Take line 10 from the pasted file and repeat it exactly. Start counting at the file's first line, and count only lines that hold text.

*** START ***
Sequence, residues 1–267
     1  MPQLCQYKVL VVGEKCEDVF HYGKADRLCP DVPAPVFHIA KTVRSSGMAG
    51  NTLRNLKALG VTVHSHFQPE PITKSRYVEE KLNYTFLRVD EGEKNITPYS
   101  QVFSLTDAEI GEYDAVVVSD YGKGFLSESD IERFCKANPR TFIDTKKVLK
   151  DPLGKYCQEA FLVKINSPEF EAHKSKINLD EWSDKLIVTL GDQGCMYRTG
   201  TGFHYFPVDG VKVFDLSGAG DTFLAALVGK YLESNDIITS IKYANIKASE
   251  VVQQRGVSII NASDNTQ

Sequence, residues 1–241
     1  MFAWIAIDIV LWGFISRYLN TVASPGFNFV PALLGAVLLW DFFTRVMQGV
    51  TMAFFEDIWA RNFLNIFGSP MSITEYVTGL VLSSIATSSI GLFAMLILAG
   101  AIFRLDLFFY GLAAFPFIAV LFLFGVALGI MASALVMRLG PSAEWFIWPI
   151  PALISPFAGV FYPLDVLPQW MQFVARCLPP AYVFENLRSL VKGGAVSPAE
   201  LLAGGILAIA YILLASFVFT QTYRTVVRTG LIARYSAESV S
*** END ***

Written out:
    51  TMAFFEDIWA RNFLNIFGSP MSITEYVTGL VLSSIATSSI GLFAMLILAG